If you are charged with

Drug Driving

Drug Driving

Driving under the influence of drugs has always been a criminal offence in England and Wales but from March 2015 the law specified that driving with particular drugs above a certain limit would be a crime, even if the drug did not impair your ability to drive.

The limits for each drug are set very low and close to point at which scientists can detect them, unlike alcohol where the limit is set at the level Parliament believed would impair a person’s ability to drive.

The drugs currently prohibited are listed below along with their limits.

Type of drug

Limit in force

THC tetrahydrocannabinol

2 μg/L


10 μg/L

BZE benzoylecgonine

50 μg/L


250 μg/L


10 μg/L

MDMA aka ‘Ecstasy’

10 μg/L


20 μg/L


How we go about

Winning your trial

The approach we take to your case will depend on your circumstances.

If you have been prescribed medication, it is important to find out whether that medication contains the prohibited drugs because some of the prohibited drugs are prescribed by doctors for various reasons. If the drug was prescribed by a medical professional, such as a doctor, nurse or dentist, then you will have a defence to the allegation.

In some cases, the laboratory used by the police will have mis-identified medication for one of the prohibited drugs. There are some examples of this happening that are well known in medical and scientific literature. Prosecution experts are often loathed to admit there might have been a mistake so consulting an independent expert is always advisable.

Drug driving offences must be proven with a blood or urine test, which means that errors can be introduced at various points from the taking, storage by the police, continuity between the taking and testing and also during the testing process itself. All these needs to be properly considered by your defence solicitor, including whether the prosecution expert evidence complies with the Criminal Procedure Rules and case law because if faults can be found then the evidence will be excluded.

As well as challenging the scientific evidence we always consider the other evidence in case: can the prosecutor prove you were driving? Was your arrest lawful and, if not, then can we exclude evidence flowing from it such as the results of the drug driving test? Did the police properly caution you before you made any admissions to them? Did the police give you the statutory warning? Did they conduct the breath or urine test correctly – this is particularly important in urine tests where a failure to take two distinct specimens can result in old urine contaminating the specimen that is ultimately tested at the laboratory. We also look closely at whether each piece of evidence is admissible, i.e. has it been produced and served on us correctly – this is important with CCTV where the prosecution often serve CCTV that is not admissible in evidence.


Although drug driving has been a specific criminal offence for many years now, the Sentencing Council have not yet got around to producing a set of enforceable sentencing guidelines, which means there is a lot of scope for variations in sentence between different courts and even between different judges sitting in the same court building.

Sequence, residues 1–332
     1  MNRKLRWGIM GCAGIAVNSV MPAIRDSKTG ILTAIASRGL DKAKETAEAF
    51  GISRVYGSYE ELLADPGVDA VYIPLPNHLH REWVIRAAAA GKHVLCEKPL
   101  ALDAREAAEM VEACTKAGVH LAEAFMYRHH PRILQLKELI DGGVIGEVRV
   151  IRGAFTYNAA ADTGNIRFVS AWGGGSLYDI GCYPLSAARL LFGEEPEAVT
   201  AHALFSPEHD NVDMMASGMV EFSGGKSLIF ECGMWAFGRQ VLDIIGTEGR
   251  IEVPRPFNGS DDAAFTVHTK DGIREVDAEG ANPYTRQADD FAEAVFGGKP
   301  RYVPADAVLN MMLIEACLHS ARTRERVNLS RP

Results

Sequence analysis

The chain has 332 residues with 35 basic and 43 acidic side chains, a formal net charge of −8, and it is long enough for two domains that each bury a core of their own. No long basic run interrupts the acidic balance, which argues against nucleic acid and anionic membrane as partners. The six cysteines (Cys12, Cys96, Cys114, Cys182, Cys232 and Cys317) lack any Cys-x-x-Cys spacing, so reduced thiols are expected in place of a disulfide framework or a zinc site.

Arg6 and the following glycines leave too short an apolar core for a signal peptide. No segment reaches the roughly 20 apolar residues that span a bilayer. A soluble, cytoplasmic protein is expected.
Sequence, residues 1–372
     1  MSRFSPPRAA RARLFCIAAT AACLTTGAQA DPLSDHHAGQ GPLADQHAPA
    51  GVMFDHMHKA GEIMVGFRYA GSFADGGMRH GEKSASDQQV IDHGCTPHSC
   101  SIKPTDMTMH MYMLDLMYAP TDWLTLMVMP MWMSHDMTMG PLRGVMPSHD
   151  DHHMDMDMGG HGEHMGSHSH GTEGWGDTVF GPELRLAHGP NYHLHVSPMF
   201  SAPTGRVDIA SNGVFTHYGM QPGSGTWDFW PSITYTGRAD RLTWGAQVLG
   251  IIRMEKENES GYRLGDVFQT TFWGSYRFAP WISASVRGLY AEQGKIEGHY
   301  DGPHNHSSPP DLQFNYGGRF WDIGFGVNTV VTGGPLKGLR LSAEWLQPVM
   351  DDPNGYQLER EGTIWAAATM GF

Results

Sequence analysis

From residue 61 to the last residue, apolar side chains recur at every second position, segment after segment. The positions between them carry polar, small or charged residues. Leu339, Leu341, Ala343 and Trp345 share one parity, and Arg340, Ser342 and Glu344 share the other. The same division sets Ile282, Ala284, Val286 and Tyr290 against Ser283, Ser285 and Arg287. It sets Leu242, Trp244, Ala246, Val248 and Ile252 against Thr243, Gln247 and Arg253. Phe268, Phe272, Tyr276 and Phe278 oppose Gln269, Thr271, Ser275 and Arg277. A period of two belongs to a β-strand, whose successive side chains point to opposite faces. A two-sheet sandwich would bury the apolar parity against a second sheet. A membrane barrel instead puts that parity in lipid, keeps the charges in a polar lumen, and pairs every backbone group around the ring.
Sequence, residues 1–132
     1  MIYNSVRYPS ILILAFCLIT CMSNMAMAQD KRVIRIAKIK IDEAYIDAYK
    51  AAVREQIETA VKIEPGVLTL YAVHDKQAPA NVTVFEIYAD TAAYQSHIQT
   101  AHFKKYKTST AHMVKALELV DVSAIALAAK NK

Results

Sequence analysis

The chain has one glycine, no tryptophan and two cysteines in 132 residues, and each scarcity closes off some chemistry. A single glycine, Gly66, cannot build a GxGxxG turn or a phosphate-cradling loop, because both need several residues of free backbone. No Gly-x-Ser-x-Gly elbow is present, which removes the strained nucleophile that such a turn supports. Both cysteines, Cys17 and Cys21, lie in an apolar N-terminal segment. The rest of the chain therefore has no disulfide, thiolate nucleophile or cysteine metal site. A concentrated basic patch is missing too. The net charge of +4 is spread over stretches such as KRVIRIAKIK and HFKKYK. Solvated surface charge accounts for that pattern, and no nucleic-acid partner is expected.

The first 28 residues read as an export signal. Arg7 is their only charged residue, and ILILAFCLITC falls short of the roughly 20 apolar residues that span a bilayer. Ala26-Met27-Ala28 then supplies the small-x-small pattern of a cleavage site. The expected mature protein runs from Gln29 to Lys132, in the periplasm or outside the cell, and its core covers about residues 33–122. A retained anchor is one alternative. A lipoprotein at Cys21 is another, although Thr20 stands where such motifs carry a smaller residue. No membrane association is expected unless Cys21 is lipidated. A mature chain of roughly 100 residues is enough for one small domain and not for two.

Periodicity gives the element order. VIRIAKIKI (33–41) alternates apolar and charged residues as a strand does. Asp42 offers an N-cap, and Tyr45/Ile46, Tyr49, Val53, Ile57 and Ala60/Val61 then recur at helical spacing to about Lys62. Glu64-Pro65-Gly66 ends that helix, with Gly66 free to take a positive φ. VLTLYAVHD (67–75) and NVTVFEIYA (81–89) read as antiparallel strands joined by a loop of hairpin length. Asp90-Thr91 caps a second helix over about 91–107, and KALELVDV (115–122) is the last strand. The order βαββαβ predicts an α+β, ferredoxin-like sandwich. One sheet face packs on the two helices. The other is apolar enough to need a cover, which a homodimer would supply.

What we do have is guidance that courts are not obliged to follow, but usually do.

The court can impose an unlimited fine and imprison a defendant for up to six months, although you should note that where multiple offences are charged a magistrate’s court can impose up to twelve months imprisonment in extreme cases.

The court must disqualify you for at least 12 months but if you have a previous conviction for a similar offence within the past ten years then the minimum ban is three years.

A simple offence with no aggravating features will usually attract a ban of 12 to 22 months and a fine.

Anything that increases the seriousness of the offence, such as poor driving or having multiple drugs in your system, will result in a community order and a ban of 23 to 28 months.

If the offence is deemed serious and there are aggravating features, such as a crash or the offence being committed on bail, then the court should consider imprisonment and a ban of up to 36 months.

Drug Driving Defence Success

Our recent cases

The Case: R v AW

AW was accused of drug driving. She denied ever having used the drug in question. The defence position was that the prosecution expert had mis-identified a prescription drug she had been using as amphetamines.

The Result: Acquitted

We challenged the admissibility of the prosecution evidence as it did not comply with case law or the Criminal Procedure Rules.

The prosecution dropped the case against AW and she was awarded costs. Read more here.

Thanks for all your help, totally amazing and professional service.

The Case: R v AB

We represented AB who was accused of failing to provide a specimen for analysis at the police station. We successfully argued that the police officer had not explained the procedure properly and thus our client had not understood the requirement for him to provide.

The Result: AQUITTED

He was acquitted and an order allowing him to recover his legal costs was made.